How can we be sure of the world we live in? Can we assume that what we perceive is “true”? Can we still rely on our senses? What do our sense perceptions tell us about the world? How does perception function? How reliable and credible is what is visible? These are the kind of questions that arise on entering a room in which Werner Klotz has installed technical appliances of perception. He sets up what seems like a science laboratory full of optical instruments and perception appliances-binoculars, periscopes, stethoscopes, optical lenses, all sorts of reflecting objects and kinetic instruments which, as soon as they are used, give rise to serious irritations: images become superimposed in the observer’s brain and merge into new units; the eyes have difficulty focusing. These are training units aimed at sharpening our subjective sense of vision, apparatus of perceiving one’s own perception, or “perception instruments”, as Werner Klotz himself calls them.

UNIDAD Syndrom (1992) is a two-part perception instrument which allows the observer to look and listen into another space. It consists of a glass mirror box through which specially blown glass tubes lead. The other part of the instrument is a hemispherical mirror. When looking through the periscope one eye sees a distorted mirror image of the world in the hemispherical mirror, as well as the word DAD engraved on the mirror; at the same time one hears warped sounds through the stethoscope. With the other eye one sees oneself on the back wall of the glass mirror box, plus the word UNI engraved in the glass of the box. In order to make a unit out of the two fragments of the word, one has to “look through the periscope attentively, precisely and without distractions…This is difficult, but can be trained using this instrument”. After a while, the spatially separate parts of the word UNI/DAD appear to the observer’s eye as a single unit (unidad). Another perception instrument called the Cheval Syndrom (1992) facilitates another kind of “world view”. Outwardly it is constructed like a pair of binoculars, but the lenses reproduce the distant and the immediate areas equally sharply. This is how horses see, so what does the world look like through the eye of an insect? The Instrument (1992/96) simulates “scientific observation”, although ultimately it refers the observer “to the subjective contingency of his vision”. The eye is constantly in search of the right focus, which again and again casts doubt on the water-filled construction; only the noise level from the street heard through the stethoscope assures the test person that he or she has ‘all his wits about him’. The Fernglaeser (binoculars), however, the anticipated close-up of the distance blinds the viewer; in another, as in the Intellektuellenfalle (1995), one eye glimpses itself, the other an apparently endless “eye room”-a “kaleidoscope-like cabinet of mirrors divided according to the principles of Euclidean geometry, with as many cubic cells as round holes, each with a seeing eye”. The Fernglaeser avail themselves of binocular vision, which is necessary for man’s perception of space: “If the eyes…receive different optical impressions, for example, when in a binocular object one eye is reflected in a concave mirror and the other, by contrast, perceives a section of a landscape, then after a short space of time the two perceptions… become superimposed and form a new unified image which exists solely in the observer’s brain. A temporarily limited, fantastic artificial image emerges…” The kinetic work Anemone (1996) also gives rise to such a phantasmic temporary image without a reference: it consists of a shining hollow silver sphere installed on a reflecting floor panel; the hollow sphere is made up of six segments tapering to a point (“petals”). As one approaches, the Anemone begins to revolve around itself and unfold its “petals” which have mirror surfaces on the inside, thereby reflecting the observer who triggered the movement. Due to the eye’s sluggishness (persistency of vision), the light impression remains for about 1/0 of a second after the impact of the light (the after-image) and for a brief moment causes a quasi three-dimensional image to emerge.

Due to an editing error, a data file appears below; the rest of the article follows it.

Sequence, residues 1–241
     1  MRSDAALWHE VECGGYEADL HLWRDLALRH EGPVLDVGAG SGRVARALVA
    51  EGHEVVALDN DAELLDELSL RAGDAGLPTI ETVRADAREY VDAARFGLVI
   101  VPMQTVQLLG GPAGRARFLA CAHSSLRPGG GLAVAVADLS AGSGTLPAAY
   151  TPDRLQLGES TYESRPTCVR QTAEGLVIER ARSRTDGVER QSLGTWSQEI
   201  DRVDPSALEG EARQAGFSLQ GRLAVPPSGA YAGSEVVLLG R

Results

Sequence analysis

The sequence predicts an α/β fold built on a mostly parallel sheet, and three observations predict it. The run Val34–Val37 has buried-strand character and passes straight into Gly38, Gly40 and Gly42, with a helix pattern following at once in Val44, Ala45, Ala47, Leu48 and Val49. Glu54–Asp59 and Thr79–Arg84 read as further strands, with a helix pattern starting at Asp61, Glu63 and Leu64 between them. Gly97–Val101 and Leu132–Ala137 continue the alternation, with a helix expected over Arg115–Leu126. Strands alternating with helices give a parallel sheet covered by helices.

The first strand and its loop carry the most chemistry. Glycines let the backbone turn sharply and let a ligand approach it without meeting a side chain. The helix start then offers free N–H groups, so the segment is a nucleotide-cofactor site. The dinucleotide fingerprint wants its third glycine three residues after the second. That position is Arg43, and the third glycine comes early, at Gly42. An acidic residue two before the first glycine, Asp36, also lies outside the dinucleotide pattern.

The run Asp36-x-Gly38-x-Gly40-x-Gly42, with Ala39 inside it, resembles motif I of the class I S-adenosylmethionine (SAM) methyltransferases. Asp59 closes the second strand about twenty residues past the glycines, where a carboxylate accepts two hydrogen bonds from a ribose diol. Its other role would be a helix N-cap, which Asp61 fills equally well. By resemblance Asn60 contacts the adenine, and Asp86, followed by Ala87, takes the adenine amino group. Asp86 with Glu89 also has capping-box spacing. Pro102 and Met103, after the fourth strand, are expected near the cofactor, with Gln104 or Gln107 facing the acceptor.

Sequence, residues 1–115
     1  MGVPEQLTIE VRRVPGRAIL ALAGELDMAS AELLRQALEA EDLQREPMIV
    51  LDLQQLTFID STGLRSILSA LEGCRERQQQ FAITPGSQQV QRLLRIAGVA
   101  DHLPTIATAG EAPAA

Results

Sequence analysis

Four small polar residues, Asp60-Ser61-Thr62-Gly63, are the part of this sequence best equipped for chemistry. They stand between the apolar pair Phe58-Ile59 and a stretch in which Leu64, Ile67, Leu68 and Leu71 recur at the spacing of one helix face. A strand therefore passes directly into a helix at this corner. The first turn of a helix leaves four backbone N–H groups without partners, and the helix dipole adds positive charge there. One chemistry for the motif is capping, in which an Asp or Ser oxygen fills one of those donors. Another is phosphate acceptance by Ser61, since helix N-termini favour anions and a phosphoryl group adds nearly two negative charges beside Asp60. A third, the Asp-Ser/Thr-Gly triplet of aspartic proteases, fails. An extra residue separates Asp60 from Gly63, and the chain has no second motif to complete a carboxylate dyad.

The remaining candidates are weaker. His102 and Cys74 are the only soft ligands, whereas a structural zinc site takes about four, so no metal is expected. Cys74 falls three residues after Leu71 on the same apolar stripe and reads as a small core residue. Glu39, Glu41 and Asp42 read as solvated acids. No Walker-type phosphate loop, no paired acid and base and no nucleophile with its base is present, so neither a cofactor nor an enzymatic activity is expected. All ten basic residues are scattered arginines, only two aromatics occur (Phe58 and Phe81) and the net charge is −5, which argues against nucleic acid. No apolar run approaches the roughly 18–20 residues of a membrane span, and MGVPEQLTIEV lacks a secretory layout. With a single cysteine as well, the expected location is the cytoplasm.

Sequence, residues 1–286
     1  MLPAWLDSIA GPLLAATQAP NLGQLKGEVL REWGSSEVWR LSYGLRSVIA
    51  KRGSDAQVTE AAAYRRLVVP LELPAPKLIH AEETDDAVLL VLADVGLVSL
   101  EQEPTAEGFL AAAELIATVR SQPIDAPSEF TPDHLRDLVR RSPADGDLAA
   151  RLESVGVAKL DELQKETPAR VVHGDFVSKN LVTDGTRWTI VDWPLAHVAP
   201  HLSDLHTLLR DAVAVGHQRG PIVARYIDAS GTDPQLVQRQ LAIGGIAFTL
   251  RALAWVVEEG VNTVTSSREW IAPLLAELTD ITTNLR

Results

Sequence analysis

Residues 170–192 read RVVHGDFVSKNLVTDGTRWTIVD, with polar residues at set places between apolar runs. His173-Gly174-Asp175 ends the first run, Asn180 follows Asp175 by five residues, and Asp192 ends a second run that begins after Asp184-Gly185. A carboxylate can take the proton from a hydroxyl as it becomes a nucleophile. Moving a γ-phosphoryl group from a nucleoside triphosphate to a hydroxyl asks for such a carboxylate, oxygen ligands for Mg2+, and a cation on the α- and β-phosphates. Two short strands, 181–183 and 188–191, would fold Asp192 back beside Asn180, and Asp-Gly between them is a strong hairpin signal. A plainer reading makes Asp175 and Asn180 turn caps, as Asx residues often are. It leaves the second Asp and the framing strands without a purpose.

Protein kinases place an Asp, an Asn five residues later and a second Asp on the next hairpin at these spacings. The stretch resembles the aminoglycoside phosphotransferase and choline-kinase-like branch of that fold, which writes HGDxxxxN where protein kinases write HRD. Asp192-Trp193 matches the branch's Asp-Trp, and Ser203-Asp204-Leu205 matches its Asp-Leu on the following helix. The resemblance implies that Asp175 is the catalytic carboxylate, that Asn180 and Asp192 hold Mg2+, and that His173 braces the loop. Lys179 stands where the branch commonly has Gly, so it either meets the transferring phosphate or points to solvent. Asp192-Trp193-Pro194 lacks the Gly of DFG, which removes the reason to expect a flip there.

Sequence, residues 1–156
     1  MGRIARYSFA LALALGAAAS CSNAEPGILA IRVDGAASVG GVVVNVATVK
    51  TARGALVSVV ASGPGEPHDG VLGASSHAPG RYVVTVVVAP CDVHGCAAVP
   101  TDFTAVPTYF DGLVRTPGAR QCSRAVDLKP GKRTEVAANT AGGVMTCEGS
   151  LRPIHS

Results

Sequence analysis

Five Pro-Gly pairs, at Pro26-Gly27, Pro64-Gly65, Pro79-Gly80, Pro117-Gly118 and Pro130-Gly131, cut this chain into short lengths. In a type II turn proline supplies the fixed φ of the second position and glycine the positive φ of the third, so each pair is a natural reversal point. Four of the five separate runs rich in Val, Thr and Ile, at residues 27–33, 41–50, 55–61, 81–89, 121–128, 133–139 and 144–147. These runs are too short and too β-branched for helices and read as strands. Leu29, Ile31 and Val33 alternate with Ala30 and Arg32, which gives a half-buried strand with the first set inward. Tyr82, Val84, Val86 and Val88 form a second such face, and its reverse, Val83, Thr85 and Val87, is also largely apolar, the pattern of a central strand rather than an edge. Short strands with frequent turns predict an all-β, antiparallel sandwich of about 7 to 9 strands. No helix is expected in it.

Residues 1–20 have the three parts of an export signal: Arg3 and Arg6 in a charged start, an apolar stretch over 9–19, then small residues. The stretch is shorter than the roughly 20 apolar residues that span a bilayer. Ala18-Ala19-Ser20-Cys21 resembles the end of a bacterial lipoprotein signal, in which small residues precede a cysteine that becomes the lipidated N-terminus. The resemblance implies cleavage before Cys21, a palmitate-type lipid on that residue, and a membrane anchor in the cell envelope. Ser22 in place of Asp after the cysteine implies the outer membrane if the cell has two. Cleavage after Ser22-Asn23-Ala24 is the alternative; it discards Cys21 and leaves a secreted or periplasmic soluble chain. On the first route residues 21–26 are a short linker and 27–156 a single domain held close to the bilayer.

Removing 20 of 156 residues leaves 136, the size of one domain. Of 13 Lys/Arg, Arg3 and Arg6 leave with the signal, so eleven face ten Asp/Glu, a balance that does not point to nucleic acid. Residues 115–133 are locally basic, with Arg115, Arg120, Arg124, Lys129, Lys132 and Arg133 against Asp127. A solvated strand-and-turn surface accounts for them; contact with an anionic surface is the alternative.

Werner Klotz creates “aggregates by means of which we can experience the certainty of what is only apparent and the deceptiveness of the real”. His perception instruments intervene at a decisive break in the history of perception and make it possible to experience this on-going process which began in the early nineteenth century and brought about a radical modernization and reevaluation of vision and visual experience as well as an “extensive restructuring of the observe” (Crary). In the nineteenth century, a growing awareness of the arbitrary and non-referential nature of images gave rise to a “scandal in the theory of perception”, while in the twentieth century, the age of the “zero-dimensionality” of images, of simulacra, and of Baudrillard’s hyperreeal”, in brief, the era of digitization, i.e.,computerized images, this process is being continued is a highly radical fashion.